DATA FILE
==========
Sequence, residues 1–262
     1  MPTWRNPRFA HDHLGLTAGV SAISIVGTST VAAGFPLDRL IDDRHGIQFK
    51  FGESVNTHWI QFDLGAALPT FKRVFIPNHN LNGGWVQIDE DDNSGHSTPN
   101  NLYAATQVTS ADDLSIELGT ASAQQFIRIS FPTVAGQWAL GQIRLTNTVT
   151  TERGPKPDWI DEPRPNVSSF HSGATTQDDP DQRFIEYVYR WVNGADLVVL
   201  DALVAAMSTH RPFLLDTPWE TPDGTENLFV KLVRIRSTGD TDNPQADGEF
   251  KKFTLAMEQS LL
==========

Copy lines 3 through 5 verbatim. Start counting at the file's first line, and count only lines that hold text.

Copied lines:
    51  FGESVNTHWI QFDLGAALPT FKRVFIPNHN LNGGWVQIDE DDNSGHSTPN
   101  NLYAATQVTS ADDLSIELGT ASAQQFIRIS FPTVAGQWAL GQIRLTNTVT
   151  TERGPKPDWI DEPRPNVSSF HSGATTQDDP DQRFIEYVYR WVNGADLVVL